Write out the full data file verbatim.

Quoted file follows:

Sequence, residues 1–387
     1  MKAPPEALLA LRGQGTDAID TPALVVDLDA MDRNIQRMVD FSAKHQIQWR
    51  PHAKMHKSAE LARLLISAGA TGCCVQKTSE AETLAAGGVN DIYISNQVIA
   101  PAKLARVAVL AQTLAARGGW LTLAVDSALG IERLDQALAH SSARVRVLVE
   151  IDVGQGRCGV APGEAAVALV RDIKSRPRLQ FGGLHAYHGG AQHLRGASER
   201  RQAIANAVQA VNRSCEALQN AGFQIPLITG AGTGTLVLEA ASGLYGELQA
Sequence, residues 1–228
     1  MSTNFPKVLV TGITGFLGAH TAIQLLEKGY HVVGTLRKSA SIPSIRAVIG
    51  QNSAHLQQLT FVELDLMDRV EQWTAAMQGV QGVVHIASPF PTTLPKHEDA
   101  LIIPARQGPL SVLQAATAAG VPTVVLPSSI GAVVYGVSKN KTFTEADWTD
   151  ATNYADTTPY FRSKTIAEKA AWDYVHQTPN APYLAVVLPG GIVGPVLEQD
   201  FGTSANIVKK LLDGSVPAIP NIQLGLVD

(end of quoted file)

Sequence, residues 1–387
     1  MKAPPEALLA LRGQGTDAID TPALVVDLDA MDRNIQRMVD FSAKHQIQWR
    51  PHAKMHKSAE LARLLISAGA TGCCVQKTSE AETLAAGGVN DIYISNQVIA
   101  PAKLARVAVL AQTLAARGGW LTLAVDSALG IERLDQALAH SSARVRVLVE
   151  IDVGQGRCGV APGEAAVALV RDIKSRPRLQ FGGLHAYHGG AQHLRGASER
   201  RQAIANAVQA VNRSCEALQN AGFQIPLITG AGTGTLVLEA ASGLYGELQA
Sequence, residues 1–228
     1  MSTNFPKVLV TGITGFLGAH TAIQLLEKGY HVVGTLRKSA SIPSIRAVIG
    51  QNSAHLQQLT FVELDLMDRV EQWTAAMQGV QGVVHIASPF PTTLPKHEDA
   101  LIIPARQGPL SVLQAATAAG VPTVVLPSSI GAVVYGVSKN KTFTEADWTD
   151  ATNYADTTPY FRSKTIAEKA AWDYVHQTPN APYLAVVLPG GIVGPVLEQD
   201  FGTSANIVKK LLDGSVPAIP NIQLGLVD